Illustrations 296 items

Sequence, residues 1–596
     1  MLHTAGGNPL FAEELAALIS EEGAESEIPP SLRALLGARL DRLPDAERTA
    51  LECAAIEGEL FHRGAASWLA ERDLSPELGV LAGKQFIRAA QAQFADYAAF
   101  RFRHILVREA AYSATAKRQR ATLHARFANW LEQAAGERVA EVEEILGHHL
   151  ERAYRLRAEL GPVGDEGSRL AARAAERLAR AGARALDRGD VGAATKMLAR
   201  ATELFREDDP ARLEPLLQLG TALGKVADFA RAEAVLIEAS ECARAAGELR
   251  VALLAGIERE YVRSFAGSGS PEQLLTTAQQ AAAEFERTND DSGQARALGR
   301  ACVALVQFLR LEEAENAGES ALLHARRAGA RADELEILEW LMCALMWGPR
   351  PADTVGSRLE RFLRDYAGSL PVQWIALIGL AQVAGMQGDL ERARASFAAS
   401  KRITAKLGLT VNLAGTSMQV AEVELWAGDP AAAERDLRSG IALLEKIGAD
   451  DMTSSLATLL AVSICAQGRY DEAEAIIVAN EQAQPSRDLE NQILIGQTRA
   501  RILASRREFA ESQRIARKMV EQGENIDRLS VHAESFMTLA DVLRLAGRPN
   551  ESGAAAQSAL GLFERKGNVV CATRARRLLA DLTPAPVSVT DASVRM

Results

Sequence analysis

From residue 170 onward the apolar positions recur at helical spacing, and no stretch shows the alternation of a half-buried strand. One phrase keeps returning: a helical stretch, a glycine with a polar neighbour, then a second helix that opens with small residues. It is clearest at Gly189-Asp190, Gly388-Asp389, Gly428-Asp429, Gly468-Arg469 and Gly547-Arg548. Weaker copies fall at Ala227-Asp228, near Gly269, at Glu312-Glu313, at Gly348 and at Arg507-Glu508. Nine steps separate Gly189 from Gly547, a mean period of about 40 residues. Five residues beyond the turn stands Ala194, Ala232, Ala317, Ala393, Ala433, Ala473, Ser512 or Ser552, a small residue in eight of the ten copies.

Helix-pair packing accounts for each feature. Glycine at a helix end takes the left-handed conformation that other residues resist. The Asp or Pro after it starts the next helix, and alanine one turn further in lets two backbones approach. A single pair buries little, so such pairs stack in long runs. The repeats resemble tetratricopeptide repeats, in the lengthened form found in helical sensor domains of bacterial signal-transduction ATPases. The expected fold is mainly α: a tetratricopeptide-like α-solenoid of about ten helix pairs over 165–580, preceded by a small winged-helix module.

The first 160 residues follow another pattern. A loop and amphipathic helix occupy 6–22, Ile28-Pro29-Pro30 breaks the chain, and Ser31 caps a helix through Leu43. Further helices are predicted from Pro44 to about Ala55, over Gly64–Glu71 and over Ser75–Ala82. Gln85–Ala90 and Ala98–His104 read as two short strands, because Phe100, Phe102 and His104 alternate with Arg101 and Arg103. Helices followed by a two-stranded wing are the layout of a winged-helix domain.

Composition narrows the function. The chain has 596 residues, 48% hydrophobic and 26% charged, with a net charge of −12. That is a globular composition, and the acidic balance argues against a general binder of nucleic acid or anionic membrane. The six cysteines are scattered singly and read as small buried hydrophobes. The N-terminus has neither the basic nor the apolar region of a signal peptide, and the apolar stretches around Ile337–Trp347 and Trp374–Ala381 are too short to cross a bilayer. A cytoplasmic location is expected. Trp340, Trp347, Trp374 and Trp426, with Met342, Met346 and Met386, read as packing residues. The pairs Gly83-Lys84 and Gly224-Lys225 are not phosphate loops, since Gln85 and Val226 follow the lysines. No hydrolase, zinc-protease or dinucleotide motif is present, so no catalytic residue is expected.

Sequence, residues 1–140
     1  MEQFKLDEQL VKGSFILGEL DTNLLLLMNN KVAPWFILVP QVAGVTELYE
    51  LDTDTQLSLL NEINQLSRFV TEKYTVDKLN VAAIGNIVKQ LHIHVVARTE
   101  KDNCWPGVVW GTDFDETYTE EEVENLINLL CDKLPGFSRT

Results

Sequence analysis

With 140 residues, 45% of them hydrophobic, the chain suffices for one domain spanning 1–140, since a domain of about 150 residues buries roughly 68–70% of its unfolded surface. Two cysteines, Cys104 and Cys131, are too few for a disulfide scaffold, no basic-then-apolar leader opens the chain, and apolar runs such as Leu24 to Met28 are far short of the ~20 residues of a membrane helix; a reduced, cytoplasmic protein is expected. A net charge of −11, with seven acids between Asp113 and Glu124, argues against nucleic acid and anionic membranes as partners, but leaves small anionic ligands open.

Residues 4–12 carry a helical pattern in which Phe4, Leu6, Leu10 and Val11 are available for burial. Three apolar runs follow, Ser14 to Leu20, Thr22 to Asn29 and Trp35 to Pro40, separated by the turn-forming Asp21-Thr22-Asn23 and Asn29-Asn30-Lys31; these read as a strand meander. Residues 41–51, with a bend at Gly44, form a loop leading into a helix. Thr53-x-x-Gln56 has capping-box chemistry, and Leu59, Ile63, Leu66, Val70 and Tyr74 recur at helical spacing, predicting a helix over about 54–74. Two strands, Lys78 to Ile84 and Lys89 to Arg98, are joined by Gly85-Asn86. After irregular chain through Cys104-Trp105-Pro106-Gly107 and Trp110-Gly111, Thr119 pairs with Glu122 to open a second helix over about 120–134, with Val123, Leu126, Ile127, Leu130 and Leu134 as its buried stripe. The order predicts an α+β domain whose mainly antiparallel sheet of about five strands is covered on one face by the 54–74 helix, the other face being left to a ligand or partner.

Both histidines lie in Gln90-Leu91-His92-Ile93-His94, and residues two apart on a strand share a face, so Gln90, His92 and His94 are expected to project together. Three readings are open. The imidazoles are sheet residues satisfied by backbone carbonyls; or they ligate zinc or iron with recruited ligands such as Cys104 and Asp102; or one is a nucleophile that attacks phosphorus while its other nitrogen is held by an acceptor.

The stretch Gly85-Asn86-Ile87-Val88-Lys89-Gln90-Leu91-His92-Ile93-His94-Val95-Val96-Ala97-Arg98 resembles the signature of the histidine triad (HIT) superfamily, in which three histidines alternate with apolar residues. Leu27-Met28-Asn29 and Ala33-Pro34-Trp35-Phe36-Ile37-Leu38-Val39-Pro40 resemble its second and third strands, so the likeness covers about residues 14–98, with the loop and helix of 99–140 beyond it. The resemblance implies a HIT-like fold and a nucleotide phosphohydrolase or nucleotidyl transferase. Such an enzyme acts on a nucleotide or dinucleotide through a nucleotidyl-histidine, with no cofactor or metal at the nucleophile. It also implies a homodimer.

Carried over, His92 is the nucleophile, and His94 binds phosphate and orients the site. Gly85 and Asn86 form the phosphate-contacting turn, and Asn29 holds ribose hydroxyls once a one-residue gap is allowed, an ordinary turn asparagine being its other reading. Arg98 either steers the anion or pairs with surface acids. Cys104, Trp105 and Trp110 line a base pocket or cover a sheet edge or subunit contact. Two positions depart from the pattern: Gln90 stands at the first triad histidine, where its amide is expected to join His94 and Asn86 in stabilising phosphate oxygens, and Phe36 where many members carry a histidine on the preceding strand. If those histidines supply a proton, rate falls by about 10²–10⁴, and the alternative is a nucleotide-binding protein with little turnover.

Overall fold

James E. Allen was a prolific illustrator who, working mostly in oil, contributed numerous illustrations to stories in popular magazines of the day, such as Collier's, Saturday Evening Post, Good Housekeeping, and Hearst's/Cosmopolitan. He was a student of noted illustrator and teacher Harvey Dunn (1884-1952), who was a protege of the illustrator Howard Pyle (1853-1911), the “Father of American Illustration”. In keeping with authentic and believable storytelling, they espoused a narrative realism in their art. Howard Pyle wrote in 1897, "the true artist paints that which he sees in the world of nature, and not that which other men in studios tell him he ought to see." Art and narrative found especially fertile ground when the two were joined together in the enormously popular illustrated magazines and novels of the late 19th and early 20th century. Illustrations were a critical part of an entertainment package, visual “frames … helping to convey a flowing, richly layered experience consisting of the author’s words, the artist’s images and the reader’s imagination." Accordingly, both Allen's commercial and personal works are unabashedly representational, with a careful eye for human subjects and a keen sense of composition. Allen would carefully research each new assignment to provide authentic details to tales of Spanish conquest, Pueblo Indians, pirates, sea captains, etc. He liked to work with live models in his studio to achieve accurate poses to be placed in scenes.